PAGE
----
Saturday, October 18, 2014

Colonel Caleb James Dilworth.

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Caleb James Dilworth.

Birth: Apr. 8, 1827, Mount Pleasant (Jefferson County, Ohio.
Death: Feb. 3, 1900, Omaha, Douglas County, Nebraska.

Wife: Emily O. Phelps Dilworth (1835 - 1910).

Children: William A. Dilworth.

Burial: Wyuka Cemetery, Lincoln, Lancaster County, Nebraska.

Illinois Eighty-Fifth, Infantry Regimental History.

COLONEL CALEB J. DILWORTH was born near Mount Pleasant, Jefferson county, Ohio, April 8, 1827. His parents, Abram  Rankin Dilworth and Martha Stanton Judkins, were of old Quaker stock. They removed to Indiana, and soon after to Illinois. They were living near Canton, in Fulton county, at the time of the  Black Hawk war, and took refuge with friends in Canton when  there was an Indian alarm. An elder brother, Rankin, graduated from the military academy at West Point in the class of 1844, and died from wounds received at the battle of Monterey in the  war with Mexico. A half brother, William H. Evans, was quartermaster of the Eighty-fifth during the last year of its service.

Colonel Dilworth read law with General Leonard F. Ross, of  Lewistown, and was admitted to the bar in 1848. In the fall of 1853 he married Miss Emily Phelps, daughter of William and Caroline Phelps, of Lewistown, Ill., the only issue of such marriage being a son, William A., now practicing law in Omaha, Neb.

In 1862 the subject of this sketch was practicing law in Havana, Ill., and assisted in recruiting the Eighty-fifth, and at the  organization of the regiment was commissioned lieutenant colonel. He served in that capacity until Colonel Moore resigned,  when he was promoted to be colonel. He commanded the regiment from June 14, 1863, until June 27, 1864, when, in the midst of  the indescribable turmoil of battle at Kennesaw mountain, Georgia, the command of the brigade devolved upon him through the  death of his seniors.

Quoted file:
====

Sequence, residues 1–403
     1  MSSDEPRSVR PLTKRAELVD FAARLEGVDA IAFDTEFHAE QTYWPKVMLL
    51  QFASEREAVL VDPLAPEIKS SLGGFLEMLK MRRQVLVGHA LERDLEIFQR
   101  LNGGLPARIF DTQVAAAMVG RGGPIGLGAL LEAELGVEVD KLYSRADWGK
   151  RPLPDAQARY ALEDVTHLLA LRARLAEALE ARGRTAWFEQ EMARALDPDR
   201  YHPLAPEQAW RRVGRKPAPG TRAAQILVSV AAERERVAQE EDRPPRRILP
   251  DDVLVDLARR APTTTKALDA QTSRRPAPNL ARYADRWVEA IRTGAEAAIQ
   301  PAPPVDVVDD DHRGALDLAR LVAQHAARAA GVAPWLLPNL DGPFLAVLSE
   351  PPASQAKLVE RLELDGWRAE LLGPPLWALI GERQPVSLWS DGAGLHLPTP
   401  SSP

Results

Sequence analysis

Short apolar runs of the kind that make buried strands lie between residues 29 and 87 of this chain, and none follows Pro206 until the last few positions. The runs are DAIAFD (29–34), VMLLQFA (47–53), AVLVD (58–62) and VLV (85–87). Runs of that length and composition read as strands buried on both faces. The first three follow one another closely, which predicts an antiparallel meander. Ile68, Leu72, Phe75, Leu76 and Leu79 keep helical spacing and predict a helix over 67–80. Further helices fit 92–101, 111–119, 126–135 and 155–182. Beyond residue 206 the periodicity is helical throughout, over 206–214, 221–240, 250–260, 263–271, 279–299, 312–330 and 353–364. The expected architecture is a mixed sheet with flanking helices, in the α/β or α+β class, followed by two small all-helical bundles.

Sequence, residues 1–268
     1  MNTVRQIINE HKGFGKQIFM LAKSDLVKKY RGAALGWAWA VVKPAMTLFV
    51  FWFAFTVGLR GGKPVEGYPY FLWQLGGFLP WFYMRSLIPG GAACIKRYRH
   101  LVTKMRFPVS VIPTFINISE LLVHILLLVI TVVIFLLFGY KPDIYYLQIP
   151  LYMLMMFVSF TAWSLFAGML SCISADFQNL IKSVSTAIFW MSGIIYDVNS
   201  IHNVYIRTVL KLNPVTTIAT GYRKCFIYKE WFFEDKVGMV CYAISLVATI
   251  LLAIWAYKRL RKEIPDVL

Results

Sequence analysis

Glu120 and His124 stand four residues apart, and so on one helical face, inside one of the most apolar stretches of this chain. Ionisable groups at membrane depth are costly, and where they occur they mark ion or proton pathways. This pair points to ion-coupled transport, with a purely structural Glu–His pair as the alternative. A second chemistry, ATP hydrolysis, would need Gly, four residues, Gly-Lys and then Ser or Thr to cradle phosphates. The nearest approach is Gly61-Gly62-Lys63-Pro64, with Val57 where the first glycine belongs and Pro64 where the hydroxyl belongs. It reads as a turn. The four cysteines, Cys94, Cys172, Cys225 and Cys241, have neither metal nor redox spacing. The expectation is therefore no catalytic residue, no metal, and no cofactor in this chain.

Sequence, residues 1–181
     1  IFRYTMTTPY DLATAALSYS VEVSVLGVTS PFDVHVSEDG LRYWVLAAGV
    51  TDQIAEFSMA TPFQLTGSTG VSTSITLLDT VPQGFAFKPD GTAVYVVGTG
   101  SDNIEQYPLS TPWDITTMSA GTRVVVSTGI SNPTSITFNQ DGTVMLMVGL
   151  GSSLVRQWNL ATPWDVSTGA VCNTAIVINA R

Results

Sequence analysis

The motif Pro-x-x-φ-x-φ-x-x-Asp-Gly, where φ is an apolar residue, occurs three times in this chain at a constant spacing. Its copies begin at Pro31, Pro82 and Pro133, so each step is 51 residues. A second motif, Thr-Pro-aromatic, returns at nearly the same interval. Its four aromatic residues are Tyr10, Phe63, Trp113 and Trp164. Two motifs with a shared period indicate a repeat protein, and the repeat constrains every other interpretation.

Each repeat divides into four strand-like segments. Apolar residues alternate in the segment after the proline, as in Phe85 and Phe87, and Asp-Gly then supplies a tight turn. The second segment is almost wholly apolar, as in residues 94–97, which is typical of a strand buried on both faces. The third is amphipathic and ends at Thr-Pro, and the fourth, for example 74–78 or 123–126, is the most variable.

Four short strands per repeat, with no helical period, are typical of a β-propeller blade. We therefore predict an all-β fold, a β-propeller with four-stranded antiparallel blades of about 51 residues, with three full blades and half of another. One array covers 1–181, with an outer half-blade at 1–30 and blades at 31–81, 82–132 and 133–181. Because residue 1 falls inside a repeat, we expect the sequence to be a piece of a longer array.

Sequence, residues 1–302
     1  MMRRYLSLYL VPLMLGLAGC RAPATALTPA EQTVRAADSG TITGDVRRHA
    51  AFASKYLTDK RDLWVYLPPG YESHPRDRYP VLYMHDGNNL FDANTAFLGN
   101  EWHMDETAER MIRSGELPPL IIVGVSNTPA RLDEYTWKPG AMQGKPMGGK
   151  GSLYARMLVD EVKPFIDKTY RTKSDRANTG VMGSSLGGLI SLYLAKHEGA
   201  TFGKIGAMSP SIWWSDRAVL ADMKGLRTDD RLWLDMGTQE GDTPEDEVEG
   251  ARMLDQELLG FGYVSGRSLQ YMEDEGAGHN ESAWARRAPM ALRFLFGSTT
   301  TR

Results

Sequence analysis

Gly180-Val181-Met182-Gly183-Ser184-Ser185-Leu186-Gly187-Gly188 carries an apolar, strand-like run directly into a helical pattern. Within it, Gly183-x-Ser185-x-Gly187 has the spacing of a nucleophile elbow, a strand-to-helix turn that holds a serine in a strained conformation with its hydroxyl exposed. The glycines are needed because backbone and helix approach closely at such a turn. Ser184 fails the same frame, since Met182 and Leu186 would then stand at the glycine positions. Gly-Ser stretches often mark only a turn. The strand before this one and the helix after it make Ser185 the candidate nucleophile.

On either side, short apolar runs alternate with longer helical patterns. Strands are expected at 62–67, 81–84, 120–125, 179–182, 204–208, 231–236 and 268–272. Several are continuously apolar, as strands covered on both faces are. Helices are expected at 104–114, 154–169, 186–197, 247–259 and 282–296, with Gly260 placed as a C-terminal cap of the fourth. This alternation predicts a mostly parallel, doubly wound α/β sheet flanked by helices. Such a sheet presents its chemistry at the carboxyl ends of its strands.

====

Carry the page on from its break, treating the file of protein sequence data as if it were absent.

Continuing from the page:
It was his plucky decision that held the ground wrested from the enemy, although his corps and army commanders doubted its possibility. At Peach Tree creek his brigade forced a crossing of that stream, although defended by largely superior numbers, fighting the battle out alone with the  Third brigade, and winning for himself and his command the  highest commendations of his superiors. He continued in command of the brigade until wounded by a gun shot at the battle of Jonesboro, Ga., the ball passing entirely through his neck.

Recovering from his wound, he was hastening to the front to rejoin  his command when, upon his arrival at Chattanooga, he found  that communication with Sherman's army had been severed. He  reported to General Thomas for duty and was appointed to the  command of the post at Cleveland, Tenn., a position which he held with credit to himself until the post was discontinued. He was  then assigned to command at Covington, Ky., where he remained until the close of the war. He was commissioned brevet brigadier  general March 13, and was mustered out of the service June 5,  1865.

After returning to Illinois he practiced law at Lewistown until  the autumn of 1870, when he removed to Lincoln, Neb., where he resumed the practice of his profession. He was elected state's  attorney in 1874 and served two terms. In 1878 he was elected  attorney general, holding the office for two terms, and in 1892 he  was elected department commander of the Grand Army of the Republic of Nebraska and served one term.

As a soldier he was enterprising and fearless; he won merited distinction at the bar. He had retired from active professional life and was residing in Omaha, where he died on Saturday, Feb ruary 3, 1900. His remains were taken to Lincoln and buried in  Wyuka cemetery on the Monday following, past department com manders acting as pall-bearers, while department officers conducted the services.

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